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Nouse Devours the Oscars Day 2: The Sound

Andrew Kendall explains the difference between Sound Mixing and Sound Editing and wonders which Best Picture nominee will reign supreme in the sound categories

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Editor's Note: We're going through the film nominees as we prepare for Oscar night on February 28. We move to the less than glamorous but very essential sound categories.

Image: Moviestore/REX Shutterstock
Image: Moviestore/REX Shutterstock

Why are there two sound categories? No matter how often the poor presenter forced to present the sound awards tries to explain the difference, the question is asked every single year about the Oscars. And I am loathe to buck trend, so I shall oblige with an explanation of how the two differ.

The Sound Mixing category is the category that has been around longer, it was originally simply called the award "Best Sound". This rewards the film for its overall sound design. How does the dialogue seep into the music into the effects? Is the music too loud and the dialogue too low? That's the sound mixing aspect. So, the managing of all the different sound elements already present in the film. It's typically the place where Best Picture nominees are more likely to turn up.

Sound editing, on the other hand, rewards the sounds created for the film - it's previous title Sound Effects Editing was a bit more helpful. The created sound like the battles in Star Wars, or the crackling of the forest in The Revenant, or the ambient noises of space in The Martian? Those are the sound effects which this category aims at recognising. So now that we've sorted out their difference. What do we make of the nominees this year? Six films share the ten nomination slots with four of them appearing in both categories. It's moment like these that make people presume the two categories are the same thing which they are definitely not, any sound designer would point out with hostility.

Bridge of Spies (Andy Nelson, Gary Rydstrom, and Drew Kunin)
Mad Max: Fury Road (Chris Jenkins, Gregg Rudloff, and Ben Osmo)
The Martian (Paul Massey, Mark Taylor, and Mac Ruth)
The Revenant (Jon Taylor, Frank A. Montano, Randy Thom, and Chris Duesterdiek)
Star Wars: The Force Awakens (Andy Nelson, Christopher Scarabosio, and Stuart Wilson)

In keeping with tradition, the Sound Mixing category features four Best Picture contenders with The Force Awakens as the outlier. Here are some stats for you, the last time a film not nominated for Best Picture won for sound over a Best Picture nominee was for the 2007 ceremony where The Bourne Ultimatum triumphed over No Country for Old Men et al. A Picture nominee gets a leg up here, and as the fifth nomination for a Star Wars film in this category, the nominee may just be a nominee.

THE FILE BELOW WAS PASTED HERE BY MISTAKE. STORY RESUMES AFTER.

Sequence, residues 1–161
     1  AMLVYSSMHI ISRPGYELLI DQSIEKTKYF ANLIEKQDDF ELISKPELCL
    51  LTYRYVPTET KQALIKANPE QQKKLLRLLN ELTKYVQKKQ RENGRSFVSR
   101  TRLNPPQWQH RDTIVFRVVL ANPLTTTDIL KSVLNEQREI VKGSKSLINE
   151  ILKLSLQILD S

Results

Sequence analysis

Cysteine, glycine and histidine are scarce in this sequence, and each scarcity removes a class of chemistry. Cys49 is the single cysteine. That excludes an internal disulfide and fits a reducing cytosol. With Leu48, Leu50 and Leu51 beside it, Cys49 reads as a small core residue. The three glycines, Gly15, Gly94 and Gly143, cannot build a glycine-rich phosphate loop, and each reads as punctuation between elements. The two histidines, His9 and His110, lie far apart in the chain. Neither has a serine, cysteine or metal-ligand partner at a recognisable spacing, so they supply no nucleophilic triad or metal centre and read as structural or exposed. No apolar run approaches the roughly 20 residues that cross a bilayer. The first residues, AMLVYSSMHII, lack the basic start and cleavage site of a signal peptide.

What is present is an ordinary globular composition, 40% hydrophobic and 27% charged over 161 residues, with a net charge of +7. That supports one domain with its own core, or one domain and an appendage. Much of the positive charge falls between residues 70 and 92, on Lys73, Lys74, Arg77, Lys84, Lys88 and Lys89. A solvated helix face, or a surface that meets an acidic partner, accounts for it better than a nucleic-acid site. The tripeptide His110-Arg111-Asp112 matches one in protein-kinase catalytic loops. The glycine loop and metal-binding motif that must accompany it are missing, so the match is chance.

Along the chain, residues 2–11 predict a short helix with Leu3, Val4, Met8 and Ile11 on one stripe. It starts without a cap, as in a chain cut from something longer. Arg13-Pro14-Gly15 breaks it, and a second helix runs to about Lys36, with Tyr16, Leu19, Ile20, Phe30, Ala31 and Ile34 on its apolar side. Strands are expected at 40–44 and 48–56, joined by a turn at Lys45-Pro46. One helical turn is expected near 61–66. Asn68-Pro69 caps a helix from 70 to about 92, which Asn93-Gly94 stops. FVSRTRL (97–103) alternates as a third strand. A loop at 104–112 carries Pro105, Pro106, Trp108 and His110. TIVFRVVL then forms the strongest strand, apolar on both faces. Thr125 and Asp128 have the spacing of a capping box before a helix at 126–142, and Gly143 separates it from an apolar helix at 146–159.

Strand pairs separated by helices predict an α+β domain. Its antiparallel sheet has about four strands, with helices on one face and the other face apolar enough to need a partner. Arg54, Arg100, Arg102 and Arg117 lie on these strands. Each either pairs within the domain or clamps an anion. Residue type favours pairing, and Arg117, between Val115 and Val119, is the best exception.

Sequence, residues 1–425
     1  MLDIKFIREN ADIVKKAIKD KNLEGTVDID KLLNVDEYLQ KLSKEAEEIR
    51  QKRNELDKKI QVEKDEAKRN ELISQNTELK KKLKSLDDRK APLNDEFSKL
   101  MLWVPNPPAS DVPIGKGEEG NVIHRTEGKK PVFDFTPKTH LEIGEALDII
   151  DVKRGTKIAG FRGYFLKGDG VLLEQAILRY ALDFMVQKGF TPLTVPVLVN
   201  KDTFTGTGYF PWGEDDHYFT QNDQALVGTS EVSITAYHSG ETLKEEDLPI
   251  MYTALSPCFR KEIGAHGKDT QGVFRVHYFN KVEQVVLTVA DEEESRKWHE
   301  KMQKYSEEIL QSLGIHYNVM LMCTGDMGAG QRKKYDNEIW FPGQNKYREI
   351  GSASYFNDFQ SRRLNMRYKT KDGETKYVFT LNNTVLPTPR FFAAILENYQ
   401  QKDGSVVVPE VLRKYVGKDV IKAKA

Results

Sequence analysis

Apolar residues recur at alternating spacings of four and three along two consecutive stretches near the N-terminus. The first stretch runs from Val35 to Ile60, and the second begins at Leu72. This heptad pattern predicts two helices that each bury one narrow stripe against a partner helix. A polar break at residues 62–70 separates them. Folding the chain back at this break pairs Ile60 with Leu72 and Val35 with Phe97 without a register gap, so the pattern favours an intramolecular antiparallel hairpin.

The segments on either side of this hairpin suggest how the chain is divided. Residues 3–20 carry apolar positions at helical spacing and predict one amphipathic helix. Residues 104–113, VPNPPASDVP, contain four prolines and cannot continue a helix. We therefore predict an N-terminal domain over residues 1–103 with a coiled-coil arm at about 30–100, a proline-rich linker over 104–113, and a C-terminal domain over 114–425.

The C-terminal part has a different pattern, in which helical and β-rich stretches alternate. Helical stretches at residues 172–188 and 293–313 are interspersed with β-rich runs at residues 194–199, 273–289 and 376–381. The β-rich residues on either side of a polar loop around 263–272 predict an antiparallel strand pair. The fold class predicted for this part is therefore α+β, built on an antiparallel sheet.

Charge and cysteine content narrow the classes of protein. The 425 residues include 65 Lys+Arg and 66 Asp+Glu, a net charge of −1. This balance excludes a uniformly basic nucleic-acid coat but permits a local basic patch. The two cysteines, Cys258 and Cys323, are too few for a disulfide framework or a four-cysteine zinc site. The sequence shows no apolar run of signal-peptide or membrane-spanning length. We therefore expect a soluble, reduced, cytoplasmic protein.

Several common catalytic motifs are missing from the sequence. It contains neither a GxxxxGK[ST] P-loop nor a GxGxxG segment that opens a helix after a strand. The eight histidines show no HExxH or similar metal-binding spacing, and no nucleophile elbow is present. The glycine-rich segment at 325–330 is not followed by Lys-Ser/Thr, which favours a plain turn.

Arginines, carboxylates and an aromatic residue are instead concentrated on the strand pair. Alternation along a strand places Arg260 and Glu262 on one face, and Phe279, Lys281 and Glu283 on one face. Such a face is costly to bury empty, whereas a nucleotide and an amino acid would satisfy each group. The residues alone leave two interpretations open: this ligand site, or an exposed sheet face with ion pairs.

Both The Martian and Bridge of Spies do fine job mixing music with their ambient sounds making for worthy nominees (Spielberg films always tend to do well here, see Lincoln and War Horse, for example) but neither film seems a likely threat for the probably sound heavy duo of The Revenant and Mad Max. Both films feature outstanding sound work. In the sound mixing debate I would tip my hat to The Revenant which makes key use of silence to augment its overall sound design to excellent heights.

Mad Max: Fury Road (Mark Mangini and David White)
The Martian (Oliver Tarney)
The Revenant (Martin Hernandez and Lon Bender)
Sicario (Alan Robert Murray)
Star Wars: The Force Awakens (Matthew Wood and David Acord)

In Sound Effects editing Bridge of Spies is replaced by Sicario and joined by the other four nominees. Sicario, oddly, would have been a contender for me for its sound design (the mixing of the tense score with the ambient noises of the final raid is hauntingly effective). And I'm liable to think that Mad Max and Star Wars. Indeed, here too, being a Best Picture nominee helps but I'm not sure the understated effects of The Revenant will thrill voters. They might be more inclined to look to the sprawling desert noises of Mad Max and the sounds of that far off galaxy of Star Wars. I would probably give this one to The Martian, but if Star Wars sentimentality seeps in I expect to see it pick up a cursory nod in a category just like this.

Trivia: Andy Nelson has been nominated 20 times for his sound mixing (two of those nominations this year). He won previously for Saving Private Ryan and Les Miserables. Over in Sound Editing Alan Robert Murray has also won twice (for Letters from Iwo Jima and American Sniper, just last year), he has been nominated eight times in total.

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